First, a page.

Paper No. 6
Presentation Time: 2:30 PM


ARON, Felipe1, ASTUDILLO, Felipe2, CEMBRANO, José3 and ARANCIBIA, Gloria3, (1)Department of Earth and Atmospheric Sciences, Cornell University, Ithaca, NY 14853, (2)Departamento de Ciencias Geológicas, Universidad Católica del Norte, Antofagasta, 1270709, Chile, (3)Departamento de Ingeniería Estructural y Geotécnica, Pontificia Universidad Católica de Chile, Macul, Santiago, 7820436, Chile,

We present new structural data of the Chilean Coastal Cordillera, near the northern and central parts of the area ruptured by the 2010 Mw 8.8 Maule earthquake. The structural style of the region is dominated by kilometer-scale normal faults which have been active at least throughout the Quaternary. The strikes of these structures define three structural systems: (1) a NE and (2) a NW sets of margin-oblique faults, and (3) a ~NS-NNE, margin-parallel set. The Pichilemu normal fault, an intraplate forearc structure reactivated after the Maule event with earthquakes up to Mw7.0, belongs to the second group. From north to south, two domains can be identified: (a) the northernmost segment displays a bimodal orientation of groups (1) and (2); and (b) at the southern end of the regions studied, faults of set (3) are the most common. Reverse faults coexist with the normal structures but are scarce and alternate between NW- and EW-striking.

In the Maule earthquake region as well as in others subduction zones, both geodetic and seismic data show an alternation of the forearc deformation style across the seimic cycle. Large coseismic normal faulting and extension parallel to the subduction rebound follows great subduction earthquakes. Generally minor reverse kinematics and convergence-parallel shortening are observed interseismically. Although smaller than the Pichilemu sequence, an interseismic Mw6.3 crustal reverse earthquake was recorded in the forearc 20 years prior to the Maule megathrust. Paleoseismological evidence in Japan and northern Chile indicates that the long-lived, forearc normal faults may have recurrence times an order of magnitude longer than the subduction cycle.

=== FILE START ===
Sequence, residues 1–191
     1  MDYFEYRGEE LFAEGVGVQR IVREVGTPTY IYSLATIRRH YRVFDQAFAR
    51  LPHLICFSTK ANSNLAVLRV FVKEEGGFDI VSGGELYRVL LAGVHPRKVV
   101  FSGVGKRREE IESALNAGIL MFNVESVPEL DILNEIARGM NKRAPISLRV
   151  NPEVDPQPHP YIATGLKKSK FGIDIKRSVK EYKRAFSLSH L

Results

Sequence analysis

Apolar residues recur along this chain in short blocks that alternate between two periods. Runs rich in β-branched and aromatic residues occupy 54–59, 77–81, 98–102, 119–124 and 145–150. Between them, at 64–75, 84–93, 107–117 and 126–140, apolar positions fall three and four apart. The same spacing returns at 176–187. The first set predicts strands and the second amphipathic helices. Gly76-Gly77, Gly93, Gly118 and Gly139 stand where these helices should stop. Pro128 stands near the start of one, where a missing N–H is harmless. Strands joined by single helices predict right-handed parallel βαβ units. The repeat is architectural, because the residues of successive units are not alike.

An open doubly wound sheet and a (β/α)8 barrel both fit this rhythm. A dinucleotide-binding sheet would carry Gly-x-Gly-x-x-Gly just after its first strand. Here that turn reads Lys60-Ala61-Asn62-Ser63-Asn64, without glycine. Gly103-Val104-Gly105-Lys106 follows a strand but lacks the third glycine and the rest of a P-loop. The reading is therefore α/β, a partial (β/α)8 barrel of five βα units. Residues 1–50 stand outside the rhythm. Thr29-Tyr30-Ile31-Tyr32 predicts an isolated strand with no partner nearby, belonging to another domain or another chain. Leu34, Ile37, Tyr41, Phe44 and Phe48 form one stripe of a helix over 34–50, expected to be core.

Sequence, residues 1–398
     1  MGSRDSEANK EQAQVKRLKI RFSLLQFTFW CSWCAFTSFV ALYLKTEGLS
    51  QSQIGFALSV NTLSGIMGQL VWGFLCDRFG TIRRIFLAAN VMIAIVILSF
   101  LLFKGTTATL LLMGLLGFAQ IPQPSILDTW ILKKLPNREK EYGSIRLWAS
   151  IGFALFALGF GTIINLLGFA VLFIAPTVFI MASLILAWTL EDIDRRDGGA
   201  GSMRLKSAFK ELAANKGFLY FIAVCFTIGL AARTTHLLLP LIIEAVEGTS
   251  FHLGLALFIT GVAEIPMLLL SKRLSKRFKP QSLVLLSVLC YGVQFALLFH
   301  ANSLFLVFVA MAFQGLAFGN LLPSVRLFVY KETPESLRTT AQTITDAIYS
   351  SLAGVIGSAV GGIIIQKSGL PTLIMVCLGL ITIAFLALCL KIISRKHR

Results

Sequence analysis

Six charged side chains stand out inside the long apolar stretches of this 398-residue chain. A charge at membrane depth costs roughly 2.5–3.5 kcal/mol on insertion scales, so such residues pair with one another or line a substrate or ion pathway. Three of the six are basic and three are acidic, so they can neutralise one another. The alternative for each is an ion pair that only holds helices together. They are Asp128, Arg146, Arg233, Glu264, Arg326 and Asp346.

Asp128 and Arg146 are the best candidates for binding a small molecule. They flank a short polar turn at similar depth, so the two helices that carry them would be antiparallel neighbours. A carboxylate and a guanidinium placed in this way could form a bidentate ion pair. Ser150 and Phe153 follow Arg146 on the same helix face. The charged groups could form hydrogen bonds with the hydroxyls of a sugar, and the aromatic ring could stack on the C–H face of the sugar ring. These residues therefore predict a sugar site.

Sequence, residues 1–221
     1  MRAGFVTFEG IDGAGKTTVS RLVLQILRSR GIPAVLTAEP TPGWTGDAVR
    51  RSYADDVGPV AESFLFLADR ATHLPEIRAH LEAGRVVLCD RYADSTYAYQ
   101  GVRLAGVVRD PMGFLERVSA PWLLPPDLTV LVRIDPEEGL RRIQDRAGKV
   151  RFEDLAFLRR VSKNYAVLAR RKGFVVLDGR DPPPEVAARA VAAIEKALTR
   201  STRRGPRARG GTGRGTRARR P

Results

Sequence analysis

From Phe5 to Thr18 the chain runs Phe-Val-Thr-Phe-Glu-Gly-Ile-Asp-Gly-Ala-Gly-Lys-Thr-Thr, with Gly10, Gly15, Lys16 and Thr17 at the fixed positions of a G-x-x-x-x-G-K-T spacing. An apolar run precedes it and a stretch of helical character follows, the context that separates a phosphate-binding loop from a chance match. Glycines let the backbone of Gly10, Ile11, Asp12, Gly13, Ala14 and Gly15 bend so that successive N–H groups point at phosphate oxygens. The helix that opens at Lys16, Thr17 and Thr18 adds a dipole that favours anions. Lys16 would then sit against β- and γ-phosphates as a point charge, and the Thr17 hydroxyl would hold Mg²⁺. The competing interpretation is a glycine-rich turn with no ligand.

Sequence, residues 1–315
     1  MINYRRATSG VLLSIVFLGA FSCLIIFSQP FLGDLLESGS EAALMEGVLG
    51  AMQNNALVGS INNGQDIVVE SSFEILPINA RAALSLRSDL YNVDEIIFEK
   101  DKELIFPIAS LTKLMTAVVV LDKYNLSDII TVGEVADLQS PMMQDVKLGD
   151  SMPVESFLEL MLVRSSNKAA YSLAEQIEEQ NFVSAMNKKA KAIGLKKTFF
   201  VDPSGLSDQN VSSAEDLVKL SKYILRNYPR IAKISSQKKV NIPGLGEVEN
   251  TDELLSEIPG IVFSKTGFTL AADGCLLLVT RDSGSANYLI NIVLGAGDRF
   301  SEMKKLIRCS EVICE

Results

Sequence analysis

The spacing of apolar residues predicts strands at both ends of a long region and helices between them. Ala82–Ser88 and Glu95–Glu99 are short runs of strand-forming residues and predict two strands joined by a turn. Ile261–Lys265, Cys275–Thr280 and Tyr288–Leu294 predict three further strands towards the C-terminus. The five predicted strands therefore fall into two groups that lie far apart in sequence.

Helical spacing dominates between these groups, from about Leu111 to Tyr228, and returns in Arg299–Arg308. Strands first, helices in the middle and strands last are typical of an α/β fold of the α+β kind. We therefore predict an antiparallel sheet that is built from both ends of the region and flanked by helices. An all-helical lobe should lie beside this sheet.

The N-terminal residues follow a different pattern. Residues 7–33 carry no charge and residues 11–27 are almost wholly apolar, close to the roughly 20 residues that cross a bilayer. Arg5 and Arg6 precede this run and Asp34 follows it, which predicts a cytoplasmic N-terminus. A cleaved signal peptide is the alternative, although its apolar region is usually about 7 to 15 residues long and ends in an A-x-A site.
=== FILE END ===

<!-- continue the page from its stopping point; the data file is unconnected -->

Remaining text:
The shallow crustal normal faults reactivated by the 2010 Maule earthquake show a consistent kinematic history throughout thousands of subduction seismic cycles. We propose that the normal fault-dominated architecture of the forearc may have been constructed by repetition of megathrusts. Evidence for Quaternary reverse faulting suggests that the interseismic deformation signature may also be preserved in the structural grain. Analogous observations along the 2011 Tōhoku earthquake rupture in Japan imply that such link between the short- and long-term deformation patterns of the forearc are not exclusive of the Maule earthquake region.